Electropolishing effect on roughness metrics of ground stainless steel: A length scale study

Doron Nakar, David Harel, Baruch Hirsch

Research output: Contribution to journalArticlepeer-review

10 Scopus citations


Electropolishing is a widely-used electrochemical surface finishing process for metals. The electropolishing of stainless steel has vast commercial application, such as improving corrosion resistance, improving cleanness, and brightening. The surface topography characterization is performed using several techniques with different lateral resolutions and length scales, from atomic force microscopy in the nano-scale (<0.1 μm) to stylus and optical profilometry in the micro- and mesoscales (0.1 μm-1 mm). This paper presents an experimental length scale study of the surface texture of ground stainless steel followed by an electropolishing process in the micro and meso lateral scales. Both stylus and optical profilometers are used, and multiple cut-off lengths of the standard Gaussian filter are adopted. While the commonly used roughness amplitude parameters (Ra, Rq and Rz) fail to characterize electropolished textures, the root mean square slope (RΔq) is found to better describe the electropolished surfaces and to be insensitive to scale.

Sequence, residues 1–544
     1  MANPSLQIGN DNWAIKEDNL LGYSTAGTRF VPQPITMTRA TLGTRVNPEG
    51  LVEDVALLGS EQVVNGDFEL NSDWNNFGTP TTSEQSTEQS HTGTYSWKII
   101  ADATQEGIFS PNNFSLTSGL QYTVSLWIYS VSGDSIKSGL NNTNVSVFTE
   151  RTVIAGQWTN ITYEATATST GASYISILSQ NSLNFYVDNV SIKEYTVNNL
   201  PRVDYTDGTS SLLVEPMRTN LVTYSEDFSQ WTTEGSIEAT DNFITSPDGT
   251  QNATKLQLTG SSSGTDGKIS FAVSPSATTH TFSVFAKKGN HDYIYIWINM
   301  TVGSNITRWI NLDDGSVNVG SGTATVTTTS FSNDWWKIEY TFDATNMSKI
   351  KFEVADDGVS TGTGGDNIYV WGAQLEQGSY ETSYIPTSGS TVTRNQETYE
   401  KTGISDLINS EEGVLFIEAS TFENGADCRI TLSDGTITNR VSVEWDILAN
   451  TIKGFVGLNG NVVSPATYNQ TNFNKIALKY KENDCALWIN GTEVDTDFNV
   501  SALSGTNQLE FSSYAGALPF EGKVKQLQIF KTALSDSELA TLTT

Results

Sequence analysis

Original languageEnglish
Article number015003
JournalSurface Topography: Metrology and Properties
Issue number1
StatePublished - 5 Jan 2018

Bibliographical note

Publisher Copyright:
© 2018 IOP Publishing Ltd.


  • Gaussian filter
  • electrochemical polish
  • optical profilometer
  • roughness parameters
  • roughness slope
  • stylus profilometry


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